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Displaying: 181-200 of 2372 documents


book symposium
181. Philosophy and Phenomenological Research: Volume > 84 > Issue: 3
Jeremy Fantl, Matthew McGrath Contextualism and Subject-Sensitivity
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182. Philosophy and Phenomenological Research: Volume > 84 > Issue: 3
Keith Derose Replies to Nagel, Ludlow, and Fantl and McGrath
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183. Philosophy and Phenomenological Research: Volume > 84 > Issue: 3
Recent Publications
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articles
184. Philosophy and Phenomenological Research: Volume > 84 > Issue: 2
Miranda Fricker Group Testimony? The Making of A Collective Good Informant
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185. Philosophy and Phenomenological Research: Volume > 84 > Issue: 2
Tyler Doggett, Andy Egan How We Feel About Terrible, Non-existent Mafiosi
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186. Philosophy and Phenomenological Research: Volume > 84 > Issue: 2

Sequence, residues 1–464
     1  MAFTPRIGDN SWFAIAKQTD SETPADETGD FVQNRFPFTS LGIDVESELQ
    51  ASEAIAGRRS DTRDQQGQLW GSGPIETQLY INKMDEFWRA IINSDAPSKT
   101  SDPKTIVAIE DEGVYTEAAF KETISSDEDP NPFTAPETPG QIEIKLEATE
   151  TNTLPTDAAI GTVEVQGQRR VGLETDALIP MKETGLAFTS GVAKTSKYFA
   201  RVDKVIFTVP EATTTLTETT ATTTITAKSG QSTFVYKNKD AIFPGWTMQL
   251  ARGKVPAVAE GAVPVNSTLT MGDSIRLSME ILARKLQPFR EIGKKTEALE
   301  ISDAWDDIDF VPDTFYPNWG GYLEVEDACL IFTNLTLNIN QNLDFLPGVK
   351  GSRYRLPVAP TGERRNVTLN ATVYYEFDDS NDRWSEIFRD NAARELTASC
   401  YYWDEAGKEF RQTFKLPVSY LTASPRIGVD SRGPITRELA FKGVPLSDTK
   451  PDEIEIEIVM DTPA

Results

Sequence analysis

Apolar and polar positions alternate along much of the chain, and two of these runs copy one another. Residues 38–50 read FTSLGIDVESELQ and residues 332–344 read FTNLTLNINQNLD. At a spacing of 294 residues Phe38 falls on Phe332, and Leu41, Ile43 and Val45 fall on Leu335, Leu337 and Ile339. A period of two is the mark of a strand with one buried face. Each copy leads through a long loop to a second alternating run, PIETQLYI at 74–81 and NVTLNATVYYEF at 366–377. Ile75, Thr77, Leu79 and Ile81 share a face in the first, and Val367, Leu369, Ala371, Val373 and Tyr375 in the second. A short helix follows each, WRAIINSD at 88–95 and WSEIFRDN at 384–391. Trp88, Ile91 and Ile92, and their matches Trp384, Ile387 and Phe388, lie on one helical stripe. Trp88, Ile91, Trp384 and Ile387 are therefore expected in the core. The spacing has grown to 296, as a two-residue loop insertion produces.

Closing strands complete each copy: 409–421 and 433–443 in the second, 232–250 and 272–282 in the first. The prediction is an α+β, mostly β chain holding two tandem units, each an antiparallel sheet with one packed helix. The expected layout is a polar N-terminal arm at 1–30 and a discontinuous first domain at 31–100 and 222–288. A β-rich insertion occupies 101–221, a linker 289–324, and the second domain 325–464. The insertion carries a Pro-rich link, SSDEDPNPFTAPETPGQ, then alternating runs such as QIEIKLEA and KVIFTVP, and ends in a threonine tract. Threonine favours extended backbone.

Nicholas Shea Methodological Encounters with the Phenomenal Kind
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Block's well-known distinction between phenomenal consciousness and access consciousness has generated a large philosophical literature about putative conceptual connections between the two. The scientific literature about whether they come apart in any actual cases is rather smaller. Empirical evidence gathered to date has not settled the issue. Some put this down to a fundamental methodological obstacle to the empirical study of the relation between phenomenal consciousness and access consciousness. Block (2007) has drawn attention to the methodological puzzle and attempted to answer it. While the evidence Block points to is relevant and important, this paper puts forward a more systematic framework for addressing the puzzle. To give it a label, the approach is to study phenomenal consciousness as a natural kind. The approach allows consciousness studies to move beyond initial means of identifying instances of the kind like verbal report, and to find its underlying nature. It is well-recognised that facts about an underlying kind may allow identification of instances of the kind that do not match the initial means of identification (cp. non-liquid samples of water). This paper shows that the same method can be deployed to investigate phenomenal consciousness independently of access consciousness.
187. Philosophy and Phenomenological Research: Volume > 84 > Issue: 2
Antti Kauppinen Meaningfulness and Time
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188. Philosophy and Phenomenological Research: Volume > 84 > Issue: 2
Lionel Shapiro Objective Being and "Ofness" in Descartes